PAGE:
This time the error appears as a pop up. It’s certainly more obvious, but some worried that the pop up would annoy users and disrupt their shopping process.
The team was split as to which way would lead to more conversions, so they ran a test.
After running over a couple of business cycles, the test proved the pop up variation to be the winner. It led to a 6.5% increase in conversions, settling the debate.
This example just proves Wittgenstein’s point when he says:
“Whereof one cannot speak, thereof one must be silent” – Wittgenstein. Image modified courtesy of the Austrian National library under Creative Commons License.
Or, as an optimizer might say,
“Whereof one has no data, thereof one must be silent” – the CRO Philosopher.
Accept the outcome! Trust the data! Purge the opinion from your optimization process!
Research - > Hypothesize - > Test - > Implement
The implementation stage of the optimization process is where bias or opinion can sneak back in. You present the results of a test to your team or to your boss and, heaven forefend, they simply dismiss them. “What a load of tosh!” “The test must be broken.” “Our users are stupid!”
If (and this, actually, is quite a big if), if everything is set up correctly – your analytics, your testing tool – you must purge the ego and trust the data.
I’ve been guilty of disregarding data before when confronted by colleagues. Be it for certain copy, images or even whole features we run. “But Jack,” my detractors say, “this stuff gets no views, no engagement – it’s a waste of our time and money.”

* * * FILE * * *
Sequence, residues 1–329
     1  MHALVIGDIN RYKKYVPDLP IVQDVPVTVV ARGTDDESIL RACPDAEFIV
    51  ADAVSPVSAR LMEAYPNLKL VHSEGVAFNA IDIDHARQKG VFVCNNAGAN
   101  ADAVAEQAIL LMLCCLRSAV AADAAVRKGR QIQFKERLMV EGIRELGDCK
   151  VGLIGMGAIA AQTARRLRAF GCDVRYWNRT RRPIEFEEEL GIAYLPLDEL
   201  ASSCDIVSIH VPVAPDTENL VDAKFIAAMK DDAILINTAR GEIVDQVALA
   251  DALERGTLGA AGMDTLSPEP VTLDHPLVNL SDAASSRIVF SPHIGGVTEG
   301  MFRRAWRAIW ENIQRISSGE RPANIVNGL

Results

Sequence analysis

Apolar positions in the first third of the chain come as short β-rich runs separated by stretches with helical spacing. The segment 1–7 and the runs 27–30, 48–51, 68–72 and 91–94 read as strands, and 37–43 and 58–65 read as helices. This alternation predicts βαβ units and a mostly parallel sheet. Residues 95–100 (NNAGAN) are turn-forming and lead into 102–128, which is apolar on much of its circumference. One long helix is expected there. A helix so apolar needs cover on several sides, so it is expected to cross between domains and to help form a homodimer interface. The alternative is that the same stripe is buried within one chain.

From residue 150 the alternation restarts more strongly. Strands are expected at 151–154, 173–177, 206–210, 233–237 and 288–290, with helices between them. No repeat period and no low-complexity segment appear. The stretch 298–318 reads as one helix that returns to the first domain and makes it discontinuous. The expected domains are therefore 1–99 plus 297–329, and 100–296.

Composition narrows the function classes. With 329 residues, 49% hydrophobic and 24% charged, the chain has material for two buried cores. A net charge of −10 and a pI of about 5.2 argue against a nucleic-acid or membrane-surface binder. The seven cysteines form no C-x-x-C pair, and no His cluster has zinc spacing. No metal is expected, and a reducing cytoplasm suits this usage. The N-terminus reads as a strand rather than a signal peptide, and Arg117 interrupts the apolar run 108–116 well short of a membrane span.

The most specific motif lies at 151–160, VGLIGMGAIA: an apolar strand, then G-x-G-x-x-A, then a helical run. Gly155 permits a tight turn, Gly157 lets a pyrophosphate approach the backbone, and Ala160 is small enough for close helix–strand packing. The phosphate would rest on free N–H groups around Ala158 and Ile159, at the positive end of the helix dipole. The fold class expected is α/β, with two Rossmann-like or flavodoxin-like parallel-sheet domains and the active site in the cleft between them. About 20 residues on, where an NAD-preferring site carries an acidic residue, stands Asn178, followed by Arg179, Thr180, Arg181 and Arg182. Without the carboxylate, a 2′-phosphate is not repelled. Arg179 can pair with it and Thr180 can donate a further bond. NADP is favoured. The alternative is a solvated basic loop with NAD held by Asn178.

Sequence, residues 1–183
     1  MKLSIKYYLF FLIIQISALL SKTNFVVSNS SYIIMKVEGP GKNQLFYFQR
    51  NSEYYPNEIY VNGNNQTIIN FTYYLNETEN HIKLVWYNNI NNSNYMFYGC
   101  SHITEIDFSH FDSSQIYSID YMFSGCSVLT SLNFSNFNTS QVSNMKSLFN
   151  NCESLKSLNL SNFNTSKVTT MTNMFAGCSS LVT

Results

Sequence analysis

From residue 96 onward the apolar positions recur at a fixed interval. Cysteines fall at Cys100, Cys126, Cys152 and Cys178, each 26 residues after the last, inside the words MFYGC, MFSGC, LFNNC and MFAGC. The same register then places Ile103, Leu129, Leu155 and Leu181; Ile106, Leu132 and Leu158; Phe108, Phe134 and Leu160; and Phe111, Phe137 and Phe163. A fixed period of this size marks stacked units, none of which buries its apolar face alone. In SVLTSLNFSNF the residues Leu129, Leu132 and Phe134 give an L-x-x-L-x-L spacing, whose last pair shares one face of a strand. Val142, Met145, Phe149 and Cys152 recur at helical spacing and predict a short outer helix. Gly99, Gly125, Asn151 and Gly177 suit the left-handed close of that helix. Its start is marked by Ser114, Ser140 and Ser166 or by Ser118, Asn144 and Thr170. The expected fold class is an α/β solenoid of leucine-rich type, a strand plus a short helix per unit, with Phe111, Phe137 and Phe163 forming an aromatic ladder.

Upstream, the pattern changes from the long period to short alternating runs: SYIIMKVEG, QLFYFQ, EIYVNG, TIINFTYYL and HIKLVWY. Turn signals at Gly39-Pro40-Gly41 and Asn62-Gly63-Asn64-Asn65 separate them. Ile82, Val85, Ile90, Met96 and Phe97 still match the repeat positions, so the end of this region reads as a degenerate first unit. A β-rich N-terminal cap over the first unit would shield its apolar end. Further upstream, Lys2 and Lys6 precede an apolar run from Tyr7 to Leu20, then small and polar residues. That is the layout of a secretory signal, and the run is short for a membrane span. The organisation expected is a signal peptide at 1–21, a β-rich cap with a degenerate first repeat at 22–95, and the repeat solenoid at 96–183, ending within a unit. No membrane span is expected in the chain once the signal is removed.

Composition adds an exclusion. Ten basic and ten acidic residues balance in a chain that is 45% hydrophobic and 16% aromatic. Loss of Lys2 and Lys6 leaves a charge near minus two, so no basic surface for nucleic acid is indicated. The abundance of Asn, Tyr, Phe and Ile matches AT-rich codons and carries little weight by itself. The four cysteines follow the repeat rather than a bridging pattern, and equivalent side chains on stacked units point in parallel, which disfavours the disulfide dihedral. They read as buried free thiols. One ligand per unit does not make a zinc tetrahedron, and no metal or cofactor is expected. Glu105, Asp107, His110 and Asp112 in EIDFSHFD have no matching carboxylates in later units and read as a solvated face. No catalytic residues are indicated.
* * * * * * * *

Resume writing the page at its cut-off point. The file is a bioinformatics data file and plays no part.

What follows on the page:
“I don’t care,” I reply, defiant. “It’s superb. And I like doing it. It stays.”
But then I remember the words of Socrates.
“There is only one good, knowledge, and one evil, ignorance” – Socrates.
Or, as an optimizer say,
“There is only one good, data, and one evil, ego” – the CRO Philosopher.
Do heed the data. I’m really ramming this point home. Partly because there were so many philosophy quotes that could be adapted to this particular theme, but also because it’s so important.
It’s really easy to say that you’re data-driven and not at all bias. But it’s so hard to actually commit to it. It can be a case of simply looking for certain patterns or justifications on a subconscious level.
Socrates also said “The only thing I know is that I know nothing” and this is the attitude you really should have when you initiate your research program. Of course, when in the early stages of site design, or if you don’t have enough traffic to run that many tests, then you cannot always be backed with data. But there is a difference between pure opinion and data-driven opinion. If you have carried out an effective research program – touching on analytics, session replay, voice of customer and more – then you are armed with knowledge to make changes for the good.